Blackpoll Warbler in Fall Plumage by Bill Thompson, III

Blackpoll Warbler

The blackpoll warbler is a small bird best known for its ability to travel expansive distances. The breeding male is primarily black and white with sharp lines and markings. It has a deep, prominent black cap with white cheeks and wing bars. Its back is brown with dark streaks and its belly is white with a spattering of short, black streaks. The breeding female is a pale version of the males with more monochromatic tones of gray on its face and crown. Both sexes have legs that are a bright pinkish orange.

Listen For

The blackpoll warbler’s song is so sharp and high-pitched at 1,000 Hz to 10,000 Hz that it is sometimes near inaudible. It sings a short, rapid series of staccato notes that rapidly crescendo and decrescendo: seet-seet-seet-SEET-SEET-seet-seet-seet.

 Find It

During breeding season, blackpoll warblers occupy the northern parts of North America in New England, Canada and Alaska. In these areas they prefer to inhabit thickets of spruce, alder, and willow, or wet evergreen trees. During migration many fly intensive trips down the northeastern United States, through Florida, and onto northern South America.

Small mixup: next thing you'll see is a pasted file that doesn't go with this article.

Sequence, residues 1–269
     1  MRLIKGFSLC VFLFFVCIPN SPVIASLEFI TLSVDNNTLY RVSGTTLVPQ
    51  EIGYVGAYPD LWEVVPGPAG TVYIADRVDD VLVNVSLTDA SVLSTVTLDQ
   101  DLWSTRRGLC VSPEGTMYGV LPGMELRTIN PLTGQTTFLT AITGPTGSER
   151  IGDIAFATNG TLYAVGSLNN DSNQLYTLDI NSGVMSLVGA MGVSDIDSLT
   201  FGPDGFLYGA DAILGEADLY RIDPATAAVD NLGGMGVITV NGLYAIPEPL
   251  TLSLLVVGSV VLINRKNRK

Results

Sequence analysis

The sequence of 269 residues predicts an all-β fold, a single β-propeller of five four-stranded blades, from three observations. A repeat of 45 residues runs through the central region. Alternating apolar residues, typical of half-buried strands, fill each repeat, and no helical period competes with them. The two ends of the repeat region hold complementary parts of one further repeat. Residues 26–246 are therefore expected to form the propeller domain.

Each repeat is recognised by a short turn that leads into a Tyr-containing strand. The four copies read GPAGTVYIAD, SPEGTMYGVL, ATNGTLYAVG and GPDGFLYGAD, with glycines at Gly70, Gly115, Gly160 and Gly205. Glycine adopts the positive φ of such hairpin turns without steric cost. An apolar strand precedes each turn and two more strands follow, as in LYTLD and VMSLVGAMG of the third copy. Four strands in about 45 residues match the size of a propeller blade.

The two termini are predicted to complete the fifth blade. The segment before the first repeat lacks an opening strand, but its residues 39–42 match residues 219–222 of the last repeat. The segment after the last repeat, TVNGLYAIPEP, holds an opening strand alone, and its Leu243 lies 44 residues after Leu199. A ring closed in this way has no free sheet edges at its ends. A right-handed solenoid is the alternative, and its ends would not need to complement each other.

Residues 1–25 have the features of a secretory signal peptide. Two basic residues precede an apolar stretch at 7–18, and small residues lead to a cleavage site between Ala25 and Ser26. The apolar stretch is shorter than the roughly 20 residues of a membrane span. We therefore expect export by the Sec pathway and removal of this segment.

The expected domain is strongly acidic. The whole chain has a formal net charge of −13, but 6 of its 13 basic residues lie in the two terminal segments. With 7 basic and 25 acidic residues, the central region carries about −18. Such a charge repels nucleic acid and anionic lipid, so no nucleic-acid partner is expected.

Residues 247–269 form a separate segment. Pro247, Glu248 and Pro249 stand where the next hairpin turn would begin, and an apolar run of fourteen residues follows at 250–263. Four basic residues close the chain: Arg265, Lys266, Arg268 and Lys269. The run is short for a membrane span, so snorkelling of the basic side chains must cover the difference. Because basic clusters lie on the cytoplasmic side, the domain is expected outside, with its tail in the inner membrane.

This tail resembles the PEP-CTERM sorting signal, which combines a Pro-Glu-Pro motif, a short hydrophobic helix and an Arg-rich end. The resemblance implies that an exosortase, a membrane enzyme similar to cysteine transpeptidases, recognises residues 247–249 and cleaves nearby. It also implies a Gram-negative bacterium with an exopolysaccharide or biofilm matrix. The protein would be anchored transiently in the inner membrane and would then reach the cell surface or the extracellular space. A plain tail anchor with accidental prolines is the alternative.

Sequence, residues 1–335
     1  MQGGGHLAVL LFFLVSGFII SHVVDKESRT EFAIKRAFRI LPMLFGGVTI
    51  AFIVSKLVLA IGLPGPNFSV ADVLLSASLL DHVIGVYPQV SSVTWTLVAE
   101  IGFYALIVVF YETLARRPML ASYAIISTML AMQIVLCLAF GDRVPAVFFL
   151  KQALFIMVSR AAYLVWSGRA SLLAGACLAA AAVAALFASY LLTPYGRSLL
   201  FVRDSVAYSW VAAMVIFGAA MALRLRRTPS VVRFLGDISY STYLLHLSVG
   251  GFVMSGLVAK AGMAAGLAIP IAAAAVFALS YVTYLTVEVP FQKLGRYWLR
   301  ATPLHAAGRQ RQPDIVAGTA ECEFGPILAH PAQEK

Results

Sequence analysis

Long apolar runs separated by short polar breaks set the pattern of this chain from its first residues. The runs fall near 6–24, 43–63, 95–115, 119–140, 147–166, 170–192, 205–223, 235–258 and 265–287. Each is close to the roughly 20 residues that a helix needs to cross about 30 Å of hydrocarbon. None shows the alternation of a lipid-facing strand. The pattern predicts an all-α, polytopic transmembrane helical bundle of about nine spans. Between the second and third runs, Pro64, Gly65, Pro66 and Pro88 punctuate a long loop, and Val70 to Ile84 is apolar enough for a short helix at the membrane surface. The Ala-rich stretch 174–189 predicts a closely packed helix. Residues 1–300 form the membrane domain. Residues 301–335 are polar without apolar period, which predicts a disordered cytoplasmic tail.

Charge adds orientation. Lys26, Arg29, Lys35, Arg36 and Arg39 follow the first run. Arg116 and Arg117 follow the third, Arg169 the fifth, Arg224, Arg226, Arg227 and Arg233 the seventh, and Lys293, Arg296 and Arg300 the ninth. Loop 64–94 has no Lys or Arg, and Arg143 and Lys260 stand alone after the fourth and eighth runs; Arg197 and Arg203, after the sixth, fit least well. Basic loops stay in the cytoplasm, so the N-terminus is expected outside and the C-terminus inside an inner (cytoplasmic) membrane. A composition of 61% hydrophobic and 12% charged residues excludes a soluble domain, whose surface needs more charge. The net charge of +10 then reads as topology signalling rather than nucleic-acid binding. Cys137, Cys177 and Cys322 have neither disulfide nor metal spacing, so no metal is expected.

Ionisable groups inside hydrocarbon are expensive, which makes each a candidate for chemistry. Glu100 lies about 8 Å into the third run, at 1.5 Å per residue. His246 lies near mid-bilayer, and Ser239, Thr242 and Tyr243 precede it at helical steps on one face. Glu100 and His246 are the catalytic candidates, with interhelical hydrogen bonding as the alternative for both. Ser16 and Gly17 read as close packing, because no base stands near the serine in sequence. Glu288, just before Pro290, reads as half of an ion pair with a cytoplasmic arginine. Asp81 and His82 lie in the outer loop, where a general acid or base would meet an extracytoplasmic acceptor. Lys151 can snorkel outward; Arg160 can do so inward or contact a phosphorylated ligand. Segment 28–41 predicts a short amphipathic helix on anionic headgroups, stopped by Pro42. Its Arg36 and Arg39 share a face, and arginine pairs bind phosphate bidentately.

If they decide to stop over in the States, they prefer shrubs and deciduous trees. Some have additional layovers in Bermuda or the Antilles, while others famously make the entire trip by flying nonstop for three days. During the winter, they prefer to live in forest edges and second-growth forests in areas east of the Andes Mountains.

Feeding Behavior

Blackpoll warblers mainly eat a variety of different insects. During breeding season they eat caterpillars, flies, spiders, wasps, ants, and beetles among others. They forage along the top branches of evergreen and deciduous trees, gleaning insects from the bark and leaves. They will also fly out to catch insects midair. During migration they also eat some seeds and fruit such as pokeberries.

Nesting Behavior

Blackpoll warblers prefer to build their nests in the understory of spruce or fir on a branch next to the trunk anywhere from 2-12 feet off the ground. The female builds the open cup shaped nest by using twigs, bark, plant fibers, weeds, and moss. She lines the bulky nest with fine feathers, hair, and grass. The female lays 4-5 eggs that are off-white with brown or purplish spots. The male feeds the female as she incubates the nest for 12 days. Both parents feed the young before they are ready to leave the nest after 11-12 days.

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